Commodity investors know that strong demand for iron ore is safeguarded by global infrastructure needs – but what about the world’s dirtiest source of power generation, king coal? Is your money safe in Aussie coal stocks?
Spot prices for thermal coal tumbled over 2012 to a three-year low at $US81 ($A78.51) a tonne at the end of October. The world’s largest importer of Coal, China, has taken its foot off the growth accelerator and prices have retreated. This week, coal prices reached $US84 ($A81.42) a tonne.
It seems hard to recall that not long ago thermal coal was around $140 per tonne. The following chart shows the sliding price of coal:
Metallurgical, or coking, coal used to turn iron ore into steel has not been spared. Here is its price chart:
The declining coal price means that some coal miners have been forced to close operations and shelve expansion plans. Diversified Australian miners BHP and RIO pushed the hold button on expansions at the Peak Downs in Queensland (BHP) and Mount Pleasant in New South Wales (RIO). Pure play coal miner New Hope Corp (NHC) is reportedly delaying expansion plans and planning job cuts. RIO has already slashed jobs across its coal operations.
The Bureau of Resources and Energy Economics (BREE) slashed export revenue forecasts from iron ore and coal by a hefty A$20 billion in September. Resources Minister Martin Ferguson nevetheless highlighted the A$270 billion in resource sector projects still in place – however, truth be told, the bulk of that money is going to Liquefied Natural Gas Projects.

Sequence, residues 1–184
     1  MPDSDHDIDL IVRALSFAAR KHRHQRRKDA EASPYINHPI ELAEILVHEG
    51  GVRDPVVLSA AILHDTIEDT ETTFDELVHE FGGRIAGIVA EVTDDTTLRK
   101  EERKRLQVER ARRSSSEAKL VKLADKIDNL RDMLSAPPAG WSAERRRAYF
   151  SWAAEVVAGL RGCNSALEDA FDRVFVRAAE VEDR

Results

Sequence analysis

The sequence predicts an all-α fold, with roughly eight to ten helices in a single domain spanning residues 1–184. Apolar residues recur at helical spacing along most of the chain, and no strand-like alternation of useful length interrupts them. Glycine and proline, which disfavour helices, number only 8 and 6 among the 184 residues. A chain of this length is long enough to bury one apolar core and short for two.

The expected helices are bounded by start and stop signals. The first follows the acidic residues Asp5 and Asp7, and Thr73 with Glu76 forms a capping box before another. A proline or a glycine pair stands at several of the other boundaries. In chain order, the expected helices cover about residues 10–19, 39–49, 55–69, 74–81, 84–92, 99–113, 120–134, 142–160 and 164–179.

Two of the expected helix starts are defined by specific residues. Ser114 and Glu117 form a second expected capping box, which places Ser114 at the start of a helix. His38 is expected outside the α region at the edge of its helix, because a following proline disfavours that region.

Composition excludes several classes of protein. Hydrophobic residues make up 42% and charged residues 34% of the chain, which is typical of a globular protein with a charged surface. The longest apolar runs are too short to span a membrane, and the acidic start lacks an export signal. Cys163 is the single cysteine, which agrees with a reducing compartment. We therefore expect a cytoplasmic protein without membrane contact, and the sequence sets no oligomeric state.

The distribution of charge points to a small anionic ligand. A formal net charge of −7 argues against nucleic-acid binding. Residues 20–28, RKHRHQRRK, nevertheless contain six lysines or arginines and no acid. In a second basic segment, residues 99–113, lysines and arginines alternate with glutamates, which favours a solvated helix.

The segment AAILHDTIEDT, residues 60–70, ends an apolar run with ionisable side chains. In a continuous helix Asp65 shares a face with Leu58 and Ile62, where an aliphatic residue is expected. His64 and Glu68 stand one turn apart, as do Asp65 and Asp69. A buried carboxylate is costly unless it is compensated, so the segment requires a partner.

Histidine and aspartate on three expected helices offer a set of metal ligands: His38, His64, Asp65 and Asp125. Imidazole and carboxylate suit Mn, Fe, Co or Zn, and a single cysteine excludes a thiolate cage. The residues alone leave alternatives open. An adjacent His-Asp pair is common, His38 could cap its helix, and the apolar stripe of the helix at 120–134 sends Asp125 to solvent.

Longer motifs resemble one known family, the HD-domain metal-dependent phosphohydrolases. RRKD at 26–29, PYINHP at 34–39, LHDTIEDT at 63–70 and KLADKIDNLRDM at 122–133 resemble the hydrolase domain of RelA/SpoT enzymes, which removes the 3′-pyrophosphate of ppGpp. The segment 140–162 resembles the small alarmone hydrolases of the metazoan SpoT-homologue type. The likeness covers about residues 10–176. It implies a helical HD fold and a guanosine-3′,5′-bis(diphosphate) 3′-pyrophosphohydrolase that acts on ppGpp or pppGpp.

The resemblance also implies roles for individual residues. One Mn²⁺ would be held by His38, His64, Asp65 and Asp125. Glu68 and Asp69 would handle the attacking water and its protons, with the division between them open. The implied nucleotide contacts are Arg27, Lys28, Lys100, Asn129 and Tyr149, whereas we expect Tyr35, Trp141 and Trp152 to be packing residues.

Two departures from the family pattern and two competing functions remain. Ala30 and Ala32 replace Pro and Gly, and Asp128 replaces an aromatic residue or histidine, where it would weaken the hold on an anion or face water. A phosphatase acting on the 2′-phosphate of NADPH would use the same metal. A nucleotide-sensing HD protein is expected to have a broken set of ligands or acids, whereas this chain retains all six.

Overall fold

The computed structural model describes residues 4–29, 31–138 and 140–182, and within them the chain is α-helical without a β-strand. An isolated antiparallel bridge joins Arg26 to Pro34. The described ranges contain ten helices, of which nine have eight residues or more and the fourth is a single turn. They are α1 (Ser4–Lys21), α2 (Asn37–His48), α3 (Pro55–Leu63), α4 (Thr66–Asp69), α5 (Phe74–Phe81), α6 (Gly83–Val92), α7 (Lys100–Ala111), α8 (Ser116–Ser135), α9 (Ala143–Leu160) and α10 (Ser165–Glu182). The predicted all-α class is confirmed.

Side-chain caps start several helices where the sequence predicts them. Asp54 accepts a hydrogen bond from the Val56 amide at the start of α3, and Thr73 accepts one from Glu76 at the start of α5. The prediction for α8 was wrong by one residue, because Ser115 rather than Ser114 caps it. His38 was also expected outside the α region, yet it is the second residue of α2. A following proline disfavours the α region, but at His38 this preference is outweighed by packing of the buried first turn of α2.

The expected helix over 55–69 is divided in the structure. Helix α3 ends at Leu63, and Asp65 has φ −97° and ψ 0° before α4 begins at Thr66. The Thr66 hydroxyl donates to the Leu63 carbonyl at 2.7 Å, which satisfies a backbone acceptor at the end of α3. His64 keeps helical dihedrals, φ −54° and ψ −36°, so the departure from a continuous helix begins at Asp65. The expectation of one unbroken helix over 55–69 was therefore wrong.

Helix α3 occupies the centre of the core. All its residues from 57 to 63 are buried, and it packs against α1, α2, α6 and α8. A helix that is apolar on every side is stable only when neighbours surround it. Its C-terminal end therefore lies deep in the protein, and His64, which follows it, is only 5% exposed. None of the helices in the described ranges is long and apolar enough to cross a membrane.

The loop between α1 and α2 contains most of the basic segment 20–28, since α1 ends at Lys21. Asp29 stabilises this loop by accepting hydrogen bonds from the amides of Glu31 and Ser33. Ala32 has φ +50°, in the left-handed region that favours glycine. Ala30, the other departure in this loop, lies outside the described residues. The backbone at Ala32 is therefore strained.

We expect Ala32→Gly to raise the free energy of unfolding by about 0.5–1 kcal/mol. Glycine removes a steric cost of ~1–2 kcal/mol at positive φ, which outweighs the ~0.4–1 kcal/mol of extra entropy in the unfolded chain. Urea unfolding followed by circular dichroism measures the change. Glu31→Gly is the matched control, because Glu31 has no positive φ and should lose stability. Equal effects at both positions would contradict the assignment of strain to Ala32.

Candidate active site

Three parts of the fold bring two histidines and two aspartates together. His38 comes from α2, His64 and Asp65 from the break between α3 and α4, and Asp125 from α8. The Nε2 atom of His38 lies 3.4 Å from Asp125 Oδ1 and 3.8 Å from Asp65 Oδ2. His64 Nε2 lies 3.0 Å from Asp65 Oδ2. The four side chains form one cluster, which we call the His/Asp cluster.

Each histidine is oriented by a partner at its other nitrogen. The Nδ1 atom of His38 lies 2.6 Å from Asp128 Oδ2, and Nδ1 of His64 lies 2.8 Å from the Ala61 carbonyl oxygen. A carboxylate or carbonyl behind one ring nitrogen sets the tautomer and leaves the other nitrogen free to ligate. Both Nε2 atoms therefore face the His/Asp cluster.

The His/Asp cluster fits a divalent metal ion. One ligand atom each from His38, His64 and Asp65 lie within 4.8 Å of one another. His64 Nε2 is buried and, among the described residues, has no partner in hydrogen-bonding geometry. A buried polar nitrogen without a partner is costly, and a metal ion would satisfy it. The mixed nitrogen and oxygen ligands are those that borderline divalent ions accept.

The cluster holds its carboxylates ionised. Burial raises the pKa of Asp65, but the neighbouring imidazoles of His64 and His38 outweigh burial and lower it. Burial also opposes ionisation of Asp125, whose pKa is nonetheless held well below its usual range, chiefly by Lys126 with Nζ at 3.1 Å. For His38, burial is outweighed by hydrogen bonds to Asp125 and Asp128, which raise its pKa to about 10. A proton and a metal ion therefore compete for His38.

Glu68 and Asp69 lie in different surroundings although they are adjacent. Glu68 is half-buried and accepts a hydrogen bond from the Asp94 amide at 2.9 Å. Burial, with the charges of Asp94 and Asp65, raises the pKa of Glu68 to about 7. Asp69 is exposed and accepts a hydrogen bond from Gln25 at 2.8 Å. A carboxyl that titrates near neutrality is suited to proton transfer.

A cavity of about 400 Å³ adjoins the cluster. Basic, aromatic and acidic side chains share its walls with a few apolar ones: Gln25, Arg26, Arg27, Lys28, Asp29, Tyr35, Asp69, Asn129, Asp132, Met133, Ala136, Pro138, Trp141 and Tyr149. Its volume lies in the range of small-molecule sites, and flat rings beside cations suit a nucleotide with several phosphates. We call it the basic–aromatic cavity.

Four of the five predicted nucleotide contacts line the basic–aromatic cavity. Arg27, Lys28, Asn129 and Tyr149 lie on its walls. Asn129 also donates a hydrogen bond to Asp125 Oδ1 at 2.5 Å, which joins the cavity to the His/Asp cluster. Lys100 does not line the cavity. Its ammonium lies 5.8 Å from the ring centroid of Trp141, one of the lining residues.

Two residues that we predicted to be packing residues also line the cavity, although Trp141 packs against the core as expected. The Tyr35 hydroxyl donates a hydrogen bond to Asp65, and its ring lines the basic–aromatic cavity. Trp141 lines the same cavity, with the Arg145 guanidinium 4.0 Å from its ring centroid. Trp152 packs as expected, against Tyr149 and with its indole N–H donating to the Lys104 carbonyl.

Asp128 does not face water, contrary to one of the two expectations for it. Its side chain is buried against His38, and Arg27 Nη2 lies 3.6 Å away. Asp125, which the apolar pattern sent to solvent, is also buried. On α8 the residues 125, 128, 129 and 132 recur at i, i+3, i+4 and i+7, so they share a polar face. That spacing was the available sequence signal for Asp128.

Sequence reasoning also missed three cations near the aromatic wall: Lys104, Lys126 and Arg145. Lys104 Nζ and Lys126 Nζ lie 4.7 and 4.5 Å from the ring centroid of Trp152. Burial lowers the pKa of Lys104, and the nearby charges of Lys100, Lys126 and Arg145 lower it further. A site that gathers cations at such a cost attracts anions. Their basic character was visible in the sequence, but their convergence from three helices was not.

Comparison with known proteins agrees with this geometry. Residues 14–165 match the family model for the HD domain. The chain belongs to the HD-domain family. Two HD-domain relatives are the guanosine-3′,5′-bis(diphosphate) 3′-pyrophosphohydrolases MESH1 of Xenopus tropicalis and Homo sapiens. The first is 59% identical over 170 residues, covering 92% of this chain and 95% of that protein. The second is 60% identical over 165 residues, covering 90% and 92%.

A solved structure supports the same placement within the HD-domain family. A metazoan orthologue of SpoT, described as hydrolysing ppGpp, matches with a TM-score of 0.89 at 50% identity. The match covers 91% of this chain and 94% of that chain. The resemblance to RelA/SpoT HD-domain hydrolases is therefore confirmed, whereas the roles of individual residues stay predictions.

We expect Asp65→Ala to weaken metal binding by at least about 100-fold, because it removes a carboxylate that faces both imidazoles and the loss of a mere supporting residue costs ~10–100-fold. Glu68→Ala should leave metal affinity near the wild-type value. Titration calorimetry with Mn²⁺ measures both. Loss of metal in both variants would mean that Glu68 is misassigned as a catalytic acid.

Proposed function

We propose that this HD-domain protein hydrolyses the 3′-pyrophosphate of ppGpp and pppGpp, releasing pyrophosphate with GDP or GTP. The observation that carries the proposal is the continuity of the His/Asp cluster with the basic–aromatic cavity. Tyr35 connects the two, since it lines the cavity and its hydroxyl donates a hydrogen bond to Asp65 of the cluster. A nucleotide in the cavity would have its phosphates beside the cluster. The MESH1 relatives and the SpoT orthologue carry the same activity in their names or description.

Gloomy conditions sometimes yield solid sharemarket buying opportunities. But are there worthy plays in Australia’s coal mining sector, or is this a sector to avoid?
Considering unprecedented changes in the global energy picture, that question is extremely difficult to answer. First there’s the issue of coal as a commodity and then there’s the issue of Australia as a supplier.
There are factors that have put downward pressure on the price of coal beyond concerns over diminishing demand. The shale gas explosion in the US has devastated its coal industry – leading American coal producers to look for export markets to offload the oversupply. The Chinese government is also expanding coal production in the Xinjiang region. Xinjiang is reportedly on track to double coal production by 2015, from 120 million tonnes to 240 million tonnes. By 2020 the region’s coal production could reach 750 million tonnes, supplanting Mongolia as the top coal-producing region in China.